More uni places for SA medical students
Thursday, 16 February 2006
Up to thirty extra South Australian students will be studying medicine in this state every year through a joint campaign between the State Government, and the University of Adelaide and Flinders University.
In a major breakthrough, the Government has joined forces with the universities to increase the number of South Australians studying medicine - and tackle the shortage of doctors in South Australia.
And Health Minister John Hill will also call for the Federal Government to come to the party and provide 46 new university places in SA.
Minister Hill said the groundbreaking partnership between the State Government and the universities was a concerted effort to increase the number of doctors staying in SA.
"This is a fantastic step forward for this state," he said.
"This is an important part of our strategy - in partnerships with our universities - to deal with the doctor shortage in SA for ever."
Professor James McWha, Vice-Chancellor and President of the University of Adelaide, is excited by the opportunity offered by this funding to train local students who will be the basis of the future medical workforce.
"The University of Adelaide is very keen to be actively involved in providing solutions to the medical workforce problems confronting our state," he said.
Flinders University Vice-Chancellor Professor Anne Edwards welcomed the Premier and State Government's strong support for more medical places in SA universities.
"The provision of these extra places is an excellent example of the Government and the universities working closely together to help solve a major state and national problem," she said.
Through the strategy:
- The State Government will annually fund 10 new medical places - five at Adelaide University and five at Flinders University - especially for South Australian students who will work in areas of need in country SA and in the north and south of Adelaide. This will cost $4.2 million.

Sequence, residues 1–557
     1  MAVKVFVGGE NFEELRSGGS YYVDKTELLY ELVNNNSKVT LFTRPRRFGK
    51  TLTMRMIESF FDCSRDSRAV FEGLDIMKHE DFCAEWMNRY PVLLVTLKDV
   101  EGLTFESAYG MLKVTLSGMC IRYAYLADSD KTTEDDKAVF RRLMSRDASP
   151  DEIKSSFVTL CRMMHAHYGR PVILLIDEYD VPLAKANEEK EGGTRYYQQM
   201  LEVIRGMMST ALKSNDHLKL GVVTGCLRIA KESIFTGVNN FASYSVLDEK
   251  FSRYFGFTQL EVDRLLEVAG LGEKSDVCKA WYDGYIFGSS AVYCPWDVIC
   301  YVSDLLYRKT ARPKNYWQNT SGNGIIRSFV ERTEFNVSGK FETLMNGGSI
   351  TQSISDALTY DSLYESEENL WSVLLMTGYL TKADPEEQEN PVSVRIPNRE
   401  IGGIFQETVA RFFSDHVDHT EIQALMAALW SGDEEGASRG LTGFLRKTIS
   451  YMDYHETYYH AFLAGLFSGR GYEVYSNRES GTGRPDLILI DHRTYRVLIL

- the University of Adelaide will target 20 places in its medical school for "tertiary transfers" that are dedicated to SA students studying other courses at the University. This year they will start with 10 places, rising to 20 per year next year.
Meanwhile, Minister Hill has also written to Federal Health Minister Tony Abbott calling for 46 new places in medicine in SA universities to be created by the Commonwealth.
At COAG last week it was agreed that the number of full-fee paying positions in medicine at Australian universities would be increased by 25%.
But the State Government wants more places for students paying HECS. COAG has agreed to consider at its next meeting in June 2006 the number of additional HECS places required to address workforce shortages.
"It is just critical that we get these HECS funded places," Minister Hill said.
"The Productivity Commission has reported that the Federal Government had invested in health-related higher education which would translate to 30 per cent extra medical places by 2009.
"Unfortunately none of these places have so far been allocated to South Australia.
"There are currently 155 HECS funded places for medicine in SA - a 30% increase would represent a badly needed additional 46 places.
"I would urge the Commonwealth to help us get more doctors into our hospitals and more GPs into our communities - particularly in regional SA."
This media release is also available on the State Government's website.
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The University of Adelaide
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Mr David Ellis
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The University of Adelaide
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